Winter is now upon us and temperatures will only get colder as we proceed through December, January, and February. This is always a plumbing and heating firm’s busiest time of the year as cold weather impacts on pipes, causing all sorts of issues from flooding to boiler breakdowns.
Cold is the worst enemy of pipework for the simple reason that water freezes and when it freezes it not only creates a solid, but it expands. Water can no longer flow through a pipe that has blocked, which can both cause pressure to build behind the blockage and disrupt the function of the pipe. Water expanding in the pipe can cause pipes to burst or joints to displace, leading to flooding.
Obviously, pipes that are outdoors are most vulnerable to this but pipes, or even water meters, in unheated areas, such as cellars, could also be affected. Turning the central heating off for periods, such as when going away on holiday, can even affect indoor pipes.
While the consequences of this issue can be really serious to deal with, the good news is that most are entirely preventable, very simple, and inexpensive to deal with yourself.
The answer is to protect vulnerable pipes. You wouldn’t go out without your coat, hat, and scarf in very cold weather and your pipes need to wrap up too! By simply covering your pipes with insulated lagging, you will protect them against the cold penetrating to the water inside. Lagging is very inexpensive to buy from any hardware shop. A good tip is to secure it with cable ties. This will prevent it becoming dislodged in bad weather.
Your outside tap is one of the key areas that can be affected. If you don’t use it during the winter, and it can be isolated, the best way to avoid issues is to simply turn it off. If this isn’t possible, lag the pipe section and place a tap guard over the tap itself.
The good news is that many water companies offer these items free of charge, as well as water saving devices (see Yorkshire Water’s winter pack offer).
The condensate pipe is the pipe that allows moisture from the boiler to be dispersed outside. A frozen condensate pipe is one of the most common causes of boiler breakdowns when it is very cold.
While it can be tempting to save a bit of money on your energy bills by turning heating off when you’re away and not there to feel the benefit, it is a false economy as the damage caused by a flood is much more costly. By all means, turn it down a little or reduce the length of time it comes on for, but leave it on for the duration. If you have a smart thermostat you can control this from wherever you are, according to the weather.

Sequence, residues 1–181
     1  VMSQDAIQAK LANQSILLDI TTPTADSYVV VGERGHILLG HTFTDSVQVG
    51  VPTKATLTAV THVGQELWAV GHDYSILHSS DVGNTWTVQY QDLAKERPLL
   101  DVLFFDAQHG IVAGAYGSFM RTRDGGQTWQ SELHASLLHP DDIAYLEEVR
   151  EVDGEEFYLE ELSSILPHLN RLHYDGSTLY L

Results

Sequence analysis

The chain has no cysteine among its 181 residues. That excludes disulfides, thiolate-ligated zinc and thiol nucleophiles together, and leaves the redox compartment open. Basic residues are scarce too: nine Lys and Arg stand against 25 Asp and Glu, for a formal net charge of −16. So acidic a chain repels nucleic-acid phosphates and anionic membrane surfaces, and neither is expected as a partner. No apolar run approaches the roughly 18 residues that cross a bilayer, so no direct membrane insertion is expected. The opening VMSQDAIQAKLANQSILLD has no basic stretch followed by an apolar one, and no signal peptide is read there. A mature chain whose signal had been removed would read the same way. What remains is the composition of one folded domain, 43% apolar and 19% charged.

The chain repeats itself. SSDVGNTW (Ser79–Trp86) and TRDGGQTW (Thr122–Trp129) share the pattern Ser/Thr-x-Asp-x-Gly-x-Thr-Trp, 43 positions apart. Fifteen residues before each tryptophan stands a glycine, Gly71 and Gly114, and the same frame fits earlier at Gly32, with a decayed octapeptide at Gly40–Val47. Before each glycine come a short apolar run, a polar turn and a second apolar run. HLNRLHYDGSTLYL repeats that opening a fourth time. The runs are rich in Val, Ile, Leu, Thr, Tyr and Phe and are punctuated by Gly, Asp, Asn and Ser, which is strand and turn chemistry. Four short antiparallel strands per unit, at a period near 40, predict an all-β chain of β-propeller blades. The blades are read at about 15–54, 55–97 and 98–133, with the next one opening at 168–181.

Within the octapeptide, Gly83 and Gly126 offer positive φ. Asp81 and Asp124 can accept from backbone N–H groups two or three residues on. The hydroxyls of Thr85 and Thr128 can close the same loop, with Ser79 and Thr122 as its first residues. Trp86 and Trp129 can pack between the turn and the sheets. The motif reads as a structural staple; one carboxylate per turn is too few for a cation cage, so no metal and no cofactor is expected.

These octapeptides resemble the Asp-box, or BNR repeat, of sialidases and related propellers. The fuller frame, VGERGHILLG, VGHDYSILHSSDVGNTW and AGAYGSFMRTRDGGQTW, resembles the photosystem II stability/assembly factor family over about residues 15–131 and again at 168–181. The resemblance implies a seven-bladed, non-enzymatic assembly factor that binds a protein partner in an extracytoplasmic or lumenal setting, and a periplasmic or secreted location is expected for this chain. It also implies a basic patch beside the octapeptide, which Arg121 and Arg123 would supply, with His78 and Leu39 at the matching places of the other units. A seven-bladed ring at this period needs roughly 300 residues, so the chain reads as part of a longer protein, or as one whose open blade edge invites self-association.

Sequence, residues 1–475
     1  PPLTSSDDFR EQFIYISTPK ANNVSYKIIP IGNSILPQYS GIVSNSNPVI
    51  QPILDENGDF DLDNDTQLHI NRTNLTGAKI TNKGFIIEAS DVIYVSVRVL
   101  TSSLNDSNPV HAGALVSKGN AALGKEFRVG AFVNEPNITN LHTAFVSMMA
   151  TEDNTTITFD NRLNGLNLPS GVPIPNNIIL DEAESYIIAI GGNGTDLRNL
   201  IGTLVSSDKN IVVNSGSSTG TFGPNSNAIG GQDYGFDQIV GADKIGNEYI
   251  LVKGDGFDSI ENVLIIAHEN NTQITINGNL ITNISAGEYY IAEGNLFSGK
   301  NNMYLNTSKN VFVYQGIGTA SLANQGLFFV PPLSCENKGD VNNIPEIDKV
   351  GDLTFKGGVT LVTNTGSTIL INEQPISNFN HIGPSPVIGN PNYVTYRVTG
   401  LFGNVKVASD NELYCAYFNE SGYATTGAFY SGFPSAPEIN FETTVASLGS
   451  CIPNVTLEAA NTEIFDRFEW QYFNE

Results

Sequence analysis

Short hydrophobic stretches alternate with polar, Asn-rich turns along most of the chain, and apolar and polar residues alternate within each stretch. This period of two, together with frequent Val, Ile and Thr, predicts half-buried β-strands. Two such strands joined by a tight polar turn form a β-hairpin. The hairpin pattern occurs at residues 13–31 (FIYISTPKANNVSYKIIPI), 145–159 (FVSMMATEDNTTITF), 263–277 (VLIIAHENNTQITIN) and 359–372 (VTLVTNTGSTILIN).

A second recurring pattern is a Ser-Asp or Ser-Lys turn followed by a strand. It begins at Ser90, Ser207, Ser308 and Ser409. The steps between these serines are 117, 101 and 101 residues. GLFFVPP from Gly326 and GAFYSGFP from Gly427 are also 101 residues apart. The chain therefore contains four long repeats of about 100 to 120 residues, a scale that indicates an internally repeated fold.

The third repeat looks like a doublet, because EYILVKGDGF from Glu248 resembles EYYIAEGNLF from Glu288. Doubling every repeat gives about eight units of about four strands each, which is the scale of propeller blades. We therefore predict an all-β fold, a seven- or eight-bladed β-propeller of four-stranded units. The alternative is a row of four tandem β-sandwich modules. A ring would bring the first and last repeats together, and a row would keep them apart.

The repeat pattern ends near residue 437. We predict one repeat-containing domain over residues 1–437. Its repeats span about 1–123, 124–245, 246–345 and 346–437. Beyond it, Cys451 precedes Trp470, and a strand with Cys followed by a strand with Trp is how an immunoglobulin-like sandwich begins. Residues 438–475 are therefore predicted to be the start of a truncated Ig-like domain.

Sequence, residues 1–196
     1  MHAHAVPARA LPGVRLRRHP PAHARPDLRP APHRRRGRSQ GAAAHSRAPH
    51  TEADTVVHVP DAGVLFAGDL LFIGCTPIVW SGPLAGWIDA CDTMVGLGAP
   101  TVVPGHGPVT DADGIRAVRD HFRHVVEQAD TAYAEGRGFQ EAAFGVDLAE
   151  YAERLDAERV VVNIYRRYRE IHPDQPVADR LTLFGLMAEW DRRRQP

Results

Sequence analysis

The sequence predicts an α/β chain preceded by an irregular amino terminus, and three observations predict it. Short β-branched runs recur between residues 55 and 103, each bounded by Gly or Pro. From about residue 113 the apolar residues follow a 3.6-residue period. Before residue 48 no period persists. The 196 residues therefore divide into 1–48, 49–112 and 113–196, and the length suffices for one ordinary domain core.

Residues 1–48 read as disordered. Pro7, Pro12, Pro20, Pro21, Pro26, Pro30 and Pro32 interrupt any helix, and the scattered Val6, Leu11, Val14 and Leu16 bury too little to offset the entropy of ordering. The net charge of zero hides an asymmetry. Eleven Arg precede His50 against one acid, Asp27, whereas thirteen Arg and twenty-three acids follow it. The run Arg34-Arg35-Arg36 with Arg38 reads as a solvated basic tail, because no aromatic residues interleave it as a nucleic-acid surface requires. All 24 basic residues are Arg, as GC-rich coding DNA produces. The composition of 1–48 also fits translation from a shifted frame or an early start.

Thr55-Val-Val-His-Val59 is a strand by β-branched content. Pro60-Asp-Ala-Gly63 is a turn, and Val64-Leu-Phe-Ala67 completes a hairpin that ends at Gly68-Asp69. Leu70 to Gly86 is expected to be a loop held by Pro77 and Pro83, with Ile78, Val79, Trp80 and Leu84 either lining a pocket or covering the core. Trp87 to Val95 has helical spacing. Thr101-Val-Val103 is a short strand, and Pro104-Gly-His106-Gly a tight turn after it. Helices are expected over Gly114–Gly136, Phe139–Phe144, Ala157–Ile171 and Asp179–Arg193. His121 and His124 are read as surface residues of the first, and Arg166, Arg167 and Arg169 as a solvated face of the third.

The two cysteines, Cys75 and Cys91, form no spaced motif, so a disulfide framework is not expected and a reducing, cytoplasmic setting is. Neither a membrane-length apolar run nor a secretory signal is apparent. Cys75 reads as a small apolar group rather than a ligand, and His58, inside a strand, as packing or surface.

If your pipes do become frozen (and sometimes, with all the planning in the world, this can be unavoidable if it gets really cold), there may still be things you can do. If it causes your pipes to burst, a flood, or joints to pop, then you will need a plumber but if you spot it early enough, you may be able to resolve it yourself.
It’s simply a case of defrosting it. Be patient though, bringing the temperature up too quickly by throwing boiling water on it can create more problems than it solves (think of what happens to your windscreen in that scenario). You need to warm it slowly by applying warm water, a warm hot water bottle, or warmed wheat bag or towel. In the case of a condensate pipe, do this and once defrosted, reset the boiler. In many cases this will resolve the problem but if it doesn’t, you will need a heating engineer.
Just as important as being able to prevent it is knowing what to do if the worst happens. A boiler breakdown will leave you without heating or hot water which is undesirable in cold weather but tolerable for short periods. A flood, however, needs dealing with quickly. Knowing a 24/7 emergency plumber is vital in this situation. Plumbcare.com operates 24/7 365 days a year so it’s always worth having our number – 0333 577 0151 – stored in your phone. We’re even open on Christmas Day and New Year’s Day!
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Richard and Ash attended to my property when I had water dripping from living room ceiling. They explained everything that needed doing to find the root cause of the issue which included cutting a hole in my living room ceiling where the leak had come through. They made me feel at ease knowing they knew what they were talking about as I was stressing out not being able to use my bathroom facilities with a 5 month old baby in the house. They spent most of the evening outside in the snowy conditions fixing my frozen pipes outside then moving onto the cracked pipe under my shower which had caused the leak. They were both very polite, tidied up after themselves, made as little mess as possible and the hole in my ceiling is a neat little square that our plasterer should be able to fix without it been a big job. I wanted to say thank you to them, they are a credit to your company.